In the absence of a to-do list, which I felt completely incapable of crossing off, I decided I should allow myself to just breathe. My only tasks, get out of bed, and be.
I may have shut off the news, indulged in a lot of Instagram self help posts, and also started collecting images of lungs, which reminded me of satellite images of rivers from above, of glaciers melting and flowing into the sea, trickling ribbons in a delicate stream.
So I made a series of collages based on breath. A lot of people use the process of breathing as a form of meditation. I have a habit of falling asleep in the middle of this, so I only really use it last at night, but diving has become a sort of meditation for me- also using the process of using breath.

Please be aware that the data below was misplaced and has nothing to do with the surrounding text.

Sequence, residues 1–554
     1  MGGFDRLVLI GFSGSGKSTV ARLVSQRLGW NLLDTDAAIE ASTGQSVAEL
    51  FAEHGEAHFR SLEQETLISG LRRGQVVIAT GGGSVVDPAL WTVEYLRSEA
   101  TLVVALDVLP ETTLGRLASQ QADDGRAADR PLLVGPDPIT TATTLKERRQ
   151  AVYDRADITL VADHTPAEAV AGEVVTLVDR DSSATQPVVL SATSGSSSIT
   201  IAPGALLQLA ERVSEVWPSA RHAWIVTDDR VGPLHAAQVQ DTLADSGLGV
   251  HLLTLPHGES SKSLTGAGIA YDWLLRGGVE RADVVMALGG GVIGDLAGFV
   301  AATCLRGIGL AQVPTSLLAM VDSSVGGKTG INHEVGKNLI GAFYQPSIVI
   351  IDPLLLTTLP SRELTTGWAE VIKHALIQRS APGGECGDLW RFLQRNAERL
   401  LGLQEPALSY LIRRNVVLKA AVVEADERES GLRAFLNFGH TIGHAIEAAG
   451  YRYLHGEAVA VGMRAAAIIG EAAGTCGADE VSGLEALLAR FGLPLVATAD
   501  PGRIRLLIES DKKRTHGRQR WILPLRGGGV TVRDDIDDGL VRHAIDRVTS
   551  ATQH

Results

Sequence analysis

You can carry with you a tank of oxygen, but you never really want to get too low or use too much, so you try and relax as much as possible, breathe slower and fuller, using as little energy as possible, flowing with the current, using long fluid flipper movements from your hips, to carefully to angle your direction.
Holding onto your breath can bring you gracefully up over a swaying coral reef; a long, slow exhalation can bring you 20ft deep down over a cliff into a dark sandy valley, a tiny inhale stop you from grazing the bottom of the ocean. You are constantly making sure you exhale to the fullest amount, using every last bit of air to its fullest potential, as any air you carry will expand as you dive deeper, pulling you back up when you least expect or want it. I didn’t really know how to truly empty my lungs until I started diving.
One of the most beautiful things for me is a position of equilibrium every diver is taught- sitting still, hanging in the balance, neither ascending or descending, swaying, with only the rhythm of your breath keeping you in place.
It only then made sense to invert my collages of lungs, and create a garden of coral. Breathe alone can be growth.